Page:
Style / World of Watches (WOW)

Musée Atelier Audemars Piguet is an exploration of the Le Brassus Brand’s Legacy

Watchmaking like architecture is the art and science of imbuing metals and minerals with energy, movement, intelligence and measure to bring them to life in the form of telling time.

Apr 23, 2020 | By Jonathan Ho

While the geometrical and avant garde case design of the Royal Oak might have captured our imaginations since the 70s and ignited an entire genre of sportive dress watches, the legacy of Audemars Piguet’s watchmaking primacy goes beyond Genta’s winning design. In fact, the Le Brassus brand’s legacy extends across a wide variety of high horology complications – including chronographs, ultra-thin tourbillons (before it was en vogue) and perpetual calendars.

Indeed, the Musée Atelier Audemars Piguet is not just an exploration of the Swiss manufacturer’s watchmaking savoir-faire but also its cultural universe. BIG (Bjarke Ingels Group) emerged as winners of the 2014 Audemars Piguet architectural competition to redesign and expand its historical premises. The winning design for the Musée Atelier was conceptualised as a contemporary spiral-shaped glass pavilion to complement the company’s oldest building, where Jules Louis Audemars and Edward Auguste Piguet set up their watchmaking atelier in 1875.

“We wanted visitors to experience our heritage, savoir-faire, cultural origins and openness to the world in a building that would reflect both our rootedness and forward-thinking spirit. But, before all, we wanted to pay tribute to the watchmakers and craftspeople who have made what Audemars Piguet is today, generation after generation.” – Jasmine Audemars, Audemars Piguet’s Chairwoman of the Board of Directors

Musée Atelier Audemars Piguet is an exploration of the Le Brassus Brand’s Legacy

BIG’s winning idea was an architectural combination which symbolised the blend of tradition and innovation at the heart of Audemars Piguet’s craftsmanship, while honouring its deep-rooted origins in the perpetuation of centuries old Haute Horlogerie. Like a beacon in the wilderness, Musée Atelier Audemars Piguet is a pristine setting for the masterpieces of technicity and design which have taken shape, year after year, in this remote valley of the Swiss Jura Mountains.

The Grandes Complications and Métiers d’Art Ateliers, situated at the heart of the spiral, infuse life into the numerous feats of mechanical mastery within an artistic and cultural context which surrounds the entire endeavour of watchmaking: creativity and collaboration of a host of experts, including architects, engineers and local artisans, as well as numerous departments within Audemars Piguet. All individuals involved pushed the limits of their craft to reach new heights.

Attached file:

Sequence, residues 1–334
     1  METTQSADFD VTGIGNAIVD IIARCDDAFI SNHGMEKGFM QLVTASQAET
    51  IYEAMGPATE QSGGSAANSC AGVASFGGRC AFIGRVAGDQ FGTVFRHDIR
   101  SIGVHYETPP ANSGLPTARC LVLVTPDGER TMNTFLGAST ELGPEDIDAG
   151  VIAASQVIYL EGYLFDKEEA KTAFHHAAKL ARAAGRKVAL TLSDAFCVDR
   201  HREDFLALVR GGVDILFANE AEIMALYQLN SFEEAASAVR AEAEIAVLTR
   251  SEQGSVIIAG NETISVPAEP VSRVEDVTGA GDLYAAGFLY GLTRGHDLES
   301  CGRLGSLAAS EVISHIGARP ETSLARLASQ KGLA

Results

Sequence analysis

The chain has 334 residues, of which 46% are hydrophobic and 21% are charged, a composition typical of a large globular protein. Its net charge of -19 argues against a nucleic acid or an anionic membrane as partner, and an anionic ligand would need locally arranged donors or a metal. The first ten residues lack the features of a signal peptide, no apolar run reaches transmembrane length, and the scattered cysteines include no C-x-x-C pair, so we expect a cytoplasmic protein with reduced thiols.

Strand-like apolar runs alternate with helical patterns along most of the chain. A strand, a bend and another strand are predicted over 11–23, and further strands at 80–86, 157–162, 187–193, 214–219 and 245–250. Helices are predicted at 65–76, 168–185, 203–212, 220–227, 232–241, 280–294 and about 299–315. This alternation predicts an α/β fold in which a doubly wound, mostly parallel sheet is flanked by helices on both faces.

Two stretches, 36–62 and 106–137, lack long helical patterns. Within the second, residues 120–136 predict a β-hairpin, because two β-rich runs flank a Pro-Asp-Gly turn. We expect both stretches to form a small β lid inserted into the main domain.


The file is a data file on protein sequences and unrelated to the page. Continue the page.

The Musée Atelier Audemars Piguet is a unique place of discovery, learning and conviviality where knowledge and savoir-faire are passed on to the next generation. The technical complexity of its architecture and scenography connects it to the highly complicated movement of a Grande Complication.” – Sébastian Vivas, Audemars Piguet’s Heritage and Museum Director

Musée Atelier  is A Symphony of Time itself

German museum designer Atelier Brückner, most recently recognised on their work for the Swiss National Museum in Zurich (nominated for the prestigious European Museum of the Year Award 2020) and the Past Time galleries of the new Museum of London; imagined the composition of the exhibition within Musée Atelier Audemars Piguet as a musical score.

Interludes, including sculptures, automata, kinetic installations and mock-ups of intricate mechnical movements, give life and more importantly, metaphor to various aspects of horological technique and design for the unacquainted. Visitors can also try their hands at some of traditional watchmaking finishing techniques such as satin brushing and circular graining.

Spanning over two centuries of history, Musée Atelier Audemars Piguet displays more than 300 watches, including feats of complication, miniaturisation and unconventional designs. These watches of exception tell the story of how modest nineteenth- century artisans from an isolated valley at the heart of the Swiss Jura produced creations that caught the eye of metropolitan clients abroad and continue to captivate watch enthusiasts today across the world including astronomical, chiming and chronograph complications that have been at the core of Audemars Piguet since its establishment, all orbiting around its grande accomplishment: the ultra-complicated Universelle pocket watch from 1899.

Audemars Piguet Universelle pocket watch from 1899

“Watchmaking like architecture is the art and science of imbuing metals and minerals with energy, movement, intelligence and measure to bring them to life in the form of telling time.” – Bjarke Ingels, BIG Founder and Creative Director

Ancestral savoir-faire on display at the Musée Atelier Audemars Piguet

Two specialised ateliers at the heart of Musée Atelier Audemars Piguet are dedicated to the ancestral savoir-faire which has characterised on of the last remaining independent Swiss watchmakers. The first showcases Grandes Complications, a display of skill and patience: each watch, typically composed of more than 648 components, requiring 6 to 8 months in the hands of a single watchmaker before leaving the workshop. The second, hosts Métiers d’Art, where Haute Joaillerie creations are conceived and crafted by highly skilled jewellers, gem-setters and engravers. Both embody the Le Brassus Manufacture’s uncompromising spirit.

Taking visitors from 26 June 2020

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